Jul 6, 2024; Glendale, AZ, USA; Colombia forward Luis Diaz (7) against Panama defender Edgardo Farina (24) in the Copa America Quarterfinal at State Farm Stadium. Mandatory Credit: Mark J. Rebilas-USA TODAY Sports Mandatory Credit: Mark J. Rebilas-USA TODAY Sports

While the 2024 Copa América has drawn strong viewership for Fox and TelevisaUnivision, an exec from the latter company has made an eye-opening comment about the tournament’s final viewership.

According to the Sports Business Journal, Univision’s global president of sports, Olek Loewenstein, “wouldn’t be surprised “if the 2024 Copa América had a better average viewership than the 2026 FIFA World Cup.

“I wouldn’t be surprised if Copa America ratings, on average, are better than the [2026] World Cup ratings,” said Loewenstein, pointing to 32 Copa games being more relevant to a Hispanic audience versus 104 World Cup games where “a lot will not be relevant at all” to that demo.

Loewenstein believes in that bold statement because of a “diaspora” of fans for Copa in the U.S. from Peru, Chile, Brazil, Argentina and Ecuador. “If you look at the World Cup, you’re going to have 104 games for the first time ever. I doubt that teams from Asia and Africa and Eastern Europe that are not as relevant to our audience,” he said.

“The audience in the U.S. is becoming more refined when it comes to consuming [soccer], and I think that it’s proven in terms of how the ratings are performing in different teams, other than Mexico and the U.S.,” said Loewenstein. “In the past, you would see how ratings for Mexican and the U.S. were the anchor of a tournament.”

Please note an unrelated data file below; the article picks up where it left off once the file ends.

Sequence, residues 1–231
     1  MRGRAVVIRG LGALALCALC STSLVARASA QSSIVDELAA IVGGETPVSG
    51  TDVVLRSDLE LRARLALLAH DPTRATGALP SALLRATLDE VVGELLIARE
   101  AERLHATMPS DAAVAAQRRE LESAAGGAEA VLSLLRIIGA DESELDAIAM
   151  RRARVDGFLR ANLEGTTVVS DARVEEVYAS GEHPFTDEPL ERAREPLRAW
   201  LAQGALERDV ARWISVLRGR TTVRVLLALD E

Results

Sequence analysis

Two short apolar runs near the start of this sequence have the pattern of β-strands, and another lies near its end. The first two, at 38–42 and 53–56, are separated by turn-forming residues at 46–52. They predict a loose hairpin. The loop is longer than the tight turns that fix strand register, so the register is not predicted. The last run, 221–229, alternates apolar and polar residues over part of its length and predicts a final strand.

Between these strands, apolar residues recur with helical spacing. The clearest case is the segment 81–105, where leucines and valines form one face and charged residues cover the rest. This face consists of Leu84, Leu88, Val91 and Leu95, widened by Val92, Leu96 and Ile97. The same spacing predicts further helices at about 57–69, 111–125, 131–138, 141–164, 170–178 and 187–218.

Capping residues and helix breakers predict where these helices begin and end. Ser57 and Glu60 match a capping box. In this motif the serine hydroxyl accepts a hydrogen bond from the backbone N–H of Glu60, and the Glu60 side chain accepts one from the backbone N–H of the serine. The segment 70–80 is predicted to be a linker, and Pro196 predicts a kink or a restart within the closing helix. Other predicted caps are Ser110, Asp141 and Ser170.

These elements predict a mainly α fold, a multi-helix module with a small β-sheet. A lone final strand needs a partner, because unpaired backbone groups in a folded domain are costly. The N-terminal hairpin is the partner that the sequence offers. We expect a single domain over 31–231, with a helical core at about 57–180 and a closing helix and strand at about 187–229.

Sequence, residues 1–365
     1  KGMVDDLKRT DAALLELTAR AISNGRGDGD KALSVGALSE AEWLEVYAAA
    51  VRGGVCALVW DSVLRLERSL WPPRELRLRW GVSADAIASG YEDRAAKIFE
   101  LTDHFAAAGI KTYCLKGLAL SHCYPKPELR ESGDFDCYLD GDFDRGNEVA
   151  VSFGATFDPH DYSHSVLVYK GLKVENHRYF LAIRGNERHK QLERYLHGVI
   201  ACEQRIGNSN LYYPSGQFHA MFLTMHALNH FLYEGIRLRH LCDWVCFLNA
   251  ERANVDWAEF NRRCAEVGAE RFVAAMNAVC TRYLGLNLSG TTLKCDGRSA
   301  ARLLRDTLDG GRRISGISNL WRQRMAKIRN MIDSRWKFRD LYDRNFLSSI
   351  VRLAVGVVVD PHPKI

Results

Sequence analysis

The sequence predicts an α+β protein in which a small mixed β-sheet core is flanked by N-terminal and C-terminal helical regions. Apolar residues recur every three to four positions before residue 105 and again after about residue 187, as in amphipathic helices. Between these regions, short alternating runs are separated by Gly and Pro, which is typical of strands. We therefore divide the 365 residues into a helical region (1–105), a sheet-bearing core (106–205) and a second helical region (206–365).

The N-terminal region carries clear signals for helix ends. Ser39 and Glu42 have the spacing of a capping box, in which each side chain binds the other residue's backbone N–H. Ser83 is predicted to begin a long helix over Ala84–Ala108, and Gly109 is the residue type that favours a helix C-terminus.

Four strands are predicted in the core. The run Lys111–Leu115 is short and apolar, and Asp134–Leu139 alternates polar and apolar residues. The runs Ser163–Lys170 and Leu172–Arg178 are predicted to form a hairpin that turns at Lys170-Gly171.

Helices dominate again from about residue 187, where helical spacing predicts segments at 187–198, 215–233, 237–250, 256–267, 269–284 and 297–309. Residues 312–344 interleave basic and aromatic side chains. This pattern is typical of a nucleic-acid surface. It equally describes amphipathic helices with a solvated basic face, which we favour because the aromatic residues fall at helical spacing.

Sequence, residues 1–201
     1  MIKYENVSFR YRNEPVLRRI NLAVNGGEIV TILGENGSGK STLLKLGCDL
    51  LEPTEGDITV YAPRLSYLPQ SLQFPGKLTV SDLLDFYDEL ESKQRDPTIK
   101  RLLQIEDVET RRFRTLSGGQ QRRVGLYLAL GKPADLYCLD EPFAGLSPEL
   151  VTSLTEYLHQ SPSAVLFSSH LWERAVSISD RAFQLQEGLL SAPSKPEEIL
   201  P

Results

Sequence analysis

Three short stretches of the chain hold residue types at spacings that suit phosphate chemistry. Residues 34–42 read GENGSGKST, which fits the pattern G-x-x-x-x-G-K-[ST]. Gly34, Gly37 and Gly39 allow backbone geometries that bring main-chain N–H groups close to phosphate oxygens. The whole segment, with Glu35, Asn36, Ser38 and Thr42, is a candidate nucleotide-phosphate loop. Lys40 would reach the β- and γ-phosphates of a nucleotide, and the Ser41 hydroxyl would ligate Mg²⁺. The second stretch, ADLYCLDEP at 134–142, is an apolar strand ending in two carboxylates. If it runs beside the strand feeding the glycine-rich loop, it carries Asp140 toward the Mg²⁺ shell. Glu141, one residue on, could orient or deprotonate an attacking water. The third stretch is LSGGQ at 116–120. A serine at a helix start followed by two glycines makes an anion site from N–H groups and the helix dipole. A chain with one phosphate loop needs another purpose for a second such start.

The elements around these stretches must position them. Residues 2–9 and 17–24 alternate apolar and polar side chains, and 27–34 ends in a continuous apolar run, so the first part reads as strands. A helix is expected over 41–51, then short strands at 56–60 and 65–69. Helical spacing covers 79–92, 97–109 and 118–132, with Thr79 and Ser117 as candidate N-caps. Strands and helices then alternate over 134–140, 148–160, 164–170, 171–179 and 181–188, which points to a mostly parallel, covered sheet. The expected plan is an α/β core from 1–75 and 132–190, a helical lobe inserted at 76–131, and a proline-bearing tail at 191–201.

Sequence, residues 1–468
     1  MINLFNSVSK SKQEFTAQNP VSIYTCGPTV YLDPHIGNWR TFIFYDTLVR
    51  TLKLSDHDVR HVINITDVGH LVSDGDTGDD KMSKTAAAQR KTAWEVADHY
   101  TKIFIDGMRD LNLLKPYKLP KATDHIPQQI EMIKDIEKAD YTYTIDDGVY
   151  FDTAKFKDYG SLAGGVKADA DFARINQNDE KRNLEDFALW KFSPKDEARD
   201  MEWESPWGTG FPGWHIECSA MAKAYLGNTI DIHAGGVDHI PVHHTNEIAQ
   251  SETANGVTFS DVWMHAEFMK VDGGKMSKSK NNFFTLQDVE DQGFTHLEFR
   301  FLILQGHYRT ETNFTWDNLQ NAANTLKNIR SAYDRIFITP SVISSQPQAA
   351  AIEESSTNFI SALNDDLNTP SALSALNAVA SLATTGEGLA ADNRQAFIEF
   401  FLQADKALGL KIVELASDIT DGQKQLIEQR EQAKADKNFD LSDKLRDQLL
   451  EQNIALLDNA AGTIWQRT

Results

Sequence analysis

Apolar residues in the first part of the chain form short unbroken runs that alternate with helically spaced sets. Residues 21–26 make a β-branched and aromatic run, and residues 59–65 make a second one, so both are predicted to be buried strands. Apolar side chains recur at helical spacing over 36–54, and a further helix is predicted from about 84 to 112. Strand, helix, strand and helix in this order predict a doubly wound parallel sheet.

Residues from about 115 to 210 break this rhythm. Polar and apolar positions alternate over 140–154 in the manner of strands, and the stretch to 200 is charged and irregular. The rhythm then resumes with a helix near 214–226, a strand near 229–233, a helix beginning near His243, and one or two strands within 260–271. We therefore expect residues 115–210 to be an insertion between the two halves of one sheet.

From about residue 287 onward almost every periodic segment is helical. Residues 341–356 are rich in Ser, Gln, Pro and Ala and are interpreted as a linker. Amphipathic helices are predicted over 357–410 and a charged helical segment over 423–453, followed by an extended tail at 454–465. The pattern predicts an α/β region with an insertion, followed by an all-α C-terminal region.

Heading into Tuesday’s first semifinal, the Copa América is averaging 1.17 million viewers in English across Fox’s platforms. Through 26 matches, the tournament averaged 1.5 million viewers across TelevisaUnivision’s Spanish-language platforms.

However, the World Cup is a different beast. The 2022 tournament aired in Spanish on Telemundo’s platforms and streamed on Peacock, averaging 2.58 million viewers for the full tournament. That was up 14% from the 2018 tournament, which averaged 2.27 million viewers in Spanish.

It’s worth noting that the 2022 and 2026 World Cups will be vastly different from one another. The tournament is returning to its traditional summer schedule after 2022, which took place in winter. For the first time, the tournament will expand to 48 teams, increasing the total number of games from 64 to 104. Additionally, the tournament will be held in Canada, Mexico, and the United States, resulting in more friendly start times for American broadcasters. The 2022 tournament in Qatar featured matches starting as early as 5 a.m. ET, which won’t be on the agenda two summers from now.

Loewenstein’s point about a lack of interest in African, Asian, and Eastern European teams is valid. I doubt there would be a huge Spanish-language audience to pick a random matchup out of thin air, Albania vs Cameroon. But the audiences for the more favorable matches, like those involving the traditional South American or European powers, will probably be huge, dwarfing what we’re seeing for Copa América and dragging the overall audience up despite the extra matches taking place.

[Sports Business Journal]

About Joe Lucia

I hate your favorite team. I also sort of hate most of my favorite teams.